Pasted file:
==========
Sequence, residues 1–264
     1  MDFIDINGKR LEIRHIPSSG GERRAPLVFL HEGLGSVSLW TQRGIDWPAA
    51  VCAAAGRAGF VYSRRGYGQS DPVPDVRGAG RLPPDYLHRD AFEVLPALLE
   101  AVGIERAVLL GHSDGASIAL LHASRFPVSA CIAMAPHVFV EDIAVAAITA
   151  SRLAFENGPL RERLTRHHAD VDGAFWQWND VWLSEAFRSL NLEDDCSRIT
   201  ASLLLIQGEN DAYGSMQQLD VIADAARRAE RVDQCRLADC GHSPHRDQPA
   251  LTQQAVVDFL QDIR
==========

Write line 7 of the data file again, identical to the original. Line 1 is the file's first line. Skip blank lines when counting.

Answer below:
   251  LTQQAVVDFL QDIR